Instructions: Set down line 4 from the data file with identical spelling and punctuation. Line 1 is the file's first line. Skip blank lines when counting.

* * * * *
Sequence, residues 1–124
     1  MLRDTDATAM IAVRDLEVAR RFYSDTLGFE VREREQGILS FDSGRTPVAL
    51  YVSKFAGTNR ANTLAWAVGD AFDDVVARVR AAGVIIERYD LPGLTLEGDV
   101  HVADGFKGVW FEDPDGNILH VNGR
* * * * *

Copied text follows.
   101  HVADGFKGVW FEDPDGNILH VNGR